Modern mortgage myths

Roger Schlesinger
Posted: Mar 08, 2007 8:04 PM

There are a number of readers who eventually send in the same questions that led me to this column. I am not sure why there is as much confusion over this financial tool as there is but nevertheless I am going to try to clear up some of the confusion. Much of it has to do with taxation and I shall start with that subject.

Many years ago I was working with a notable celebrity who was having tax problems (not my field) and was in need of some mortgage counseling as this borrower's credit had suffered. As April 15th came closer I was asking about the current income and found that it was derived by this person by adding up the deposits in the check book. I knew that earlier in the previous year there had been a cash out refinance and I asked if that was included in the addition of deposits from the check book. Much to my horror it had been and the belief was that a refinance was income and therefore a taxable event. NO, cash out refinance is a loan to yourself from your equity and never a taxable event. In the aforementioned case this had been going on for years and we quickly amended years of tax returns to relieve an on going IRS probe.

A cash out refinance doesn't affect your property taxes as it doesn't change the value of the property. Some states do have taxes on refinancing (New York for one) but it isn't a tax associated with the change in the value of the property. Property taxes are certainly affected by construction to the property but the loan isn't the trigger, the building permits are.

Can a cash out refinance end up being a taxable event in any way? When you sell your primary residence, if you have lived there for the past two years (simplified for the example) you get $250,000 exclusion if you are single and a $500,000 exclusion if you are married on the profits. You calculate the profits by taking the net sales price and subtracting the cost of the property and the cost of any improvements or additions you made. If your profit exceeds the $250,000 or $500,000 stated above you owe capital gains on the difference. If you have subsequently pulled out most of the money from the house in a cash out refinance then you actually could end up owing money that came from the refinance. Remember, it wasn't the refinance that caused the taxable income, it was the sale.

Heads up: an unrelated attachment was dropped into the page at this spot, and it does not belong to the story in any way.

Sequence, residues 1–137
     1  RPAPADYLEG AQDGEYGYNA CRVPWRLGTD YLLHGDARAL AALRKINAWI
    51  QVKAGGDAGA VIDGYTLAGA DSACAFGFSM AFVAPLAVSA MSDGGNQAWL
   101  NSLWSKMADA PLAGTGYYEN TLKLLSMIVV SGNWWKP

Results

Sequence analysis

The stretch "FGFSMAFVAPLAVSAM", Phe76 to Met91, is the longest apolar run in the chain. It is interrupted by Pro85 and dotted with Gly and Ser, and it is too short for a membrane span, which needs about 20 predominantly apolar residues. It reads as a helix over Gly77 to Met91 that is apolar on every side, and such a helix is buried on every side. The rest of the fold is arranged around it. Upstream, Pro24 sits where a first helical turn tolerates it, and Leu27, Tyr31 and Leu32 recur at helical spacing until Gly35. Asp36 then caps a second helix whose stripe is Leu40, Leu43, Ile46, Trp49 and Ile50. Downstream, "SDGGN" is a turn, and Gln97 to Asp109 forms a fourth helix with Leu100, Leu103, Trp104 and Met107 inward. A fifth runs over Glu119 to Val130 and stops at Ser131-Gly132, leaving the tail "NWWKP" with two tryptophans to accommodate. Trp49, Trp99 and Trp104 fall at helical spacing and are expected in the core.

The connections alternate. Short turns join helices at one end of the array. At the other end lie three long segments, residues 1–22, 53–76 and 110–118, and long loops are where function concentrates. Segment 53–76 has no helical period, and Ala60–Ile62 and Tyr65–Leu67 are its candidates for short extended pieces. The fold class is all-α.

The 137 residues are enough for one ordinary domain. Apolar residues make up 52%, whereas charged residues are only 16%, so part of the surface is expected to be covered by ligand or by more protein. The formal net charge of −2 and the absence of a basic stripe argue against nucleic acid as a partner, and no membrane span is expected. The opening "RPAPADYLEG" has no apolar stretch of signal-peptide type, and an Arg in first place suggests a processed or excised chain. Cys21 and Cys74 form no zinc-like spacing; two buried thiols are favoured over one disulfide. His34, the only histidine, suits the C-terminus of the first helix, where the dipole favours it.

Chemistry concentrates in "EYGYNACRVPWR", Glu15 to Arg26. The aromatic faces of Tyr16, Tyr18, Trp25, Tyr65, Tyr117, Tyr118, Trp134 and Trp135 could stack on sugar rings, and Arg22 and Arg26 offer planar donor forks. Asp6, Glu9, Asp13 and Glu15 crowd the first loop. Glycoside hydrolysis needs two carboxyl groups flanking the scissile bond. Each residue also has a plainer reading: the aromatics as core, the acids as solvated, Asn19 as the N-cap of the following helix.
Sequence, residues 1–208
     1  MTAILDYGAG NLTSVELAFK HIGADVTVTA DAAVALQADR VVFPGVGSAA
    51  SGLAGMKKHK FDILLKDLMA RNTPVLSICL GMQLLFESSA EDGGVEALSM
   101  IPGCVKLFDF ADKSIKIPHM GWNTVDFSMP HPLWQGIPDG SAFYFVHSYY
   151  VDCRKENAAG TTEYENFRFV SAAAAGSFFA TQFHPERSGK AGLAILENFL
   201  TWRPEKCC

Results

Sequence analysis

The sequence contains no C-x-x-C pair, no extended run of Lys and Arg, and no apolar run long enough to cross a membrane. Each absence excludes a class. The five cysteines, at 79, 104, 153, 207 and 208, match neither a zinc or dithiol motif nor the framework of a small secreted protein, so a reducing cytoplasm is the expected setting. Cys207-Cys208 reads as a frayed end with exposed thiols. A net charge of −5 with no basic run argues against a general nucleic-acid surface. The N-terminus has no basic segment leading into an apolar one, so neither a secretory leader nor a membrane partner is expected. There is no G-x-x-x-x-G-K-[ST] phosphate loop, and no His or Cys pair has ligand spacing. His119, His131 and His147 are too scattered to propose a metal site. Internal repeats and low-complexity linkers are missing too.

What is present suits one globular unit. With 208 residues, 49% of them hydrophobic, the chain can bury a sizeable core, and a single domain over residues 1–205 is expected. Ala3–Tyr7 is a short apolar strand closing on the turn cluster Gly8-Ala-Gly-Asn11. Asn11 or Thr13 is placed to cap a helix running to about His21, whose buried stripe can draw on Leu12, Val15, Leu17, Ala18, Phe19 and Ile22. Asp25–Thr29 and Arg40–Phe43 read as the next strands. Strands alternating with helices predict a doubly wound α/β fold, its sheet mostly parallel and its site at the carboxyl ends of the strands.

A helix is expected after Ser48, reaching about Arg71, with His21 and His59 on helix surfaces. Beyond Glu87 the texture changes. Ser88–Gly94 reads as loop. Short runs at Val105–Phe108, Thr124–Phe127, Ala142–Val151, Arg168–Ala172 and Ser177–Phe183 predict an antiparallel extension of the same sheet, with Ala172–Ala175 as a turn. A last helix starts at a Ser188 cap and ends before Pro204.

Writers note: I am not an expert on every state's tax policy on real property so please check with your tax adviser before taking any action that could cause you to have a taxable event.

Qualifying for a loan has many people confused, upset and nervous. This happens because most borrowers are not familiar with the various ways to qualify for a loan. Unfortunately many in this industry aren't familiar as well which can cause much of the confusion.

Let's start with the newest phenomenon in the industry: automated underwriting (AUS). If you have a high credit score and a very low loan to value, 60% or less, you generally will pass if your loan is within the conforming limits, $417,000 for a single family residence. You will receive an approved eligible rating and few, if any conditions. If you have a jumbo loan up to generally $1 million you can get an accept ineligible (not eligible for a conforming loan). The conditions on these approvals can be as little as a verbal verification of employment (we call your employer and verify you are still an employee), a bank statement showing some small amount of reserves or a verification of the deposit you have in your bank for the down payment if it is a purchase.